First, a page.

So, here’s a moral dilemma.Â I mean, it’s not a dilemma.Â It is more like a little bit of moral tension.
I have some very strong views on copyright.Â Or, to put it differently:Â I have very strong views on the strength of copyright.Â I think, among other things, that the term of copyright granted in our society is way too long.Â I think, among other things, that fan fiction should be unambiguously allowed.Â If I had my way, I’d set the term of copyright to the term of patents, or at most twice that:Â twenty to forty years, max.Â Possibly twenty years with an additional twenty year automatic extension, which must be applied for with a tiny (say $10) processing fee.
That is never, ever going to happen, so I think that the second-best thing is to contract around onerous copyright rules, e.g., through a Creative Commons license.
But I did just happen to sign a contract that gives HQN the rights to my copyright so long as my book remains in print, for the natural length of copyright.Â I feel . . . very ambiguous about this.Â I feel that it would be wrong–really wrong, and because I feel so strongly about copyright length, for me, downright morally hazardous–if one of my descendants were still making royalties off my book in a century.Â And however much I still want my book to be on sale then (I know, dream on), it bothers me.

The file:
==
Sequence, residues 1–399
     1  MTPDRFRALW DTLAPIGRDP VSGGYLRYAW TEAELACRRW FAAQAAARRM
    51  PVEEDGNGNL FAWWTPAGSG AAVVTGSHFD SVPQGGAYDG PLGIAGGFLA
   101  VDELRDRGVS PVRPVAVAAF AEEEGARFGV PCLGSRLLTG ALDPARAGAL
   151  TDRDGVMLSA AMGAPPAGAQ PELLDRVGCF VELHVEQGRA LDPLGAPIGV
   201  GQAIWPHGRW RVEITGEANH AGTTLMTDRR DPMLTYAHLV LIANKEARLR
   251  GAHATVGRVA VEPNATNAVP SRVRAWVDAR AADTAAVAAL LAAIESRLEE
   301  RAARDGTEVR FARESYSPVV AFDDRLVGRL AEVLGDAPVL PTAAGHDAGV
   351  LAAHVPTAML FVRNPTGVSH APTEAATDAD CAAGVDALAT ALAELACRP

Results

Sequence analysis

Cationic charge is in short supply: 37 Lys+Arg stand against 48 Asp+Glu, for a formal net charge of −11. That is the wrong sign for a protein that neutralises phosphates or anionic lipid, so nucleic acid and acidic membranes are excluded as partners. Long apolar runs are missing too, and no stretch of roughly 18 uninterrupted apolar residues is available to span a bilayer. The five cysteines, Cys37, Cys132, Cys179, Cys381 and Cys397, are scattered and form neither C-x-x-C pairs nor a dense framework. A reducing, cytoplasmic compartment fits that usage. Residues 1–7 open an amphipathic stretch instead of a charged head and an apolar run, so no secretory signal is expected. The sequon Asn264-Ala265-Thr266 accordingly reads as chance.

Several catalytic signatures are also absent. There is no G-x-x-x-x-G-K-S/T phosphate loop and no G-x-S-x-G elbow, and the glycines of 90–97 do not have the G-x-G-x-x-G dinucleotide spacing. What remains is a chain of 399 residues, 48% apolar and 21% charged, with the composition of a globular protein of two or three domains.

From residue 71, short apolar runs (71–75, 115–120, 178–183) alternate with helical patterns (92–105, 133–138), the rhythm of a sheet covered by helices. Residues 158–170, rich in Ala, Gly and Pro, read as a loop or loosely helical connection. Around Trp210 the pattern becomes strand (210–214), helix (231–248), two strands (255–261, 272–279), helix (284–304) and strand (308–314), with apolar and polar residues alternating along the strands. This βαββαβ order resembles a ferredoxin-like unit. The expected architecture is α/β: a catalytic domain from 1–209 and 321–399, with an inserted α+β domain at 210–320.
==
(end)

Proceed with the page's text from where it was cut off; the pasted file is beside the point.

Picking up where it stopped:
Ultimately, I had no problem signing the contract simply because I don’t think my book will be in print in 100 years, and my rights will revert to me, and I’ll probably release it into the public domain long before then, either by bequest or during my life–because once my book has lived out its time of commercial viability, I feel I have an obligation to release it into the public domain, even if technically the copyright has many decades to go.
What do you think of all this?Â If you’re an author, do you feel like you have any interest at all in what happens to your books 100 years from now?Â Does it bother you to think you can hold on to a piece of culture for a full century?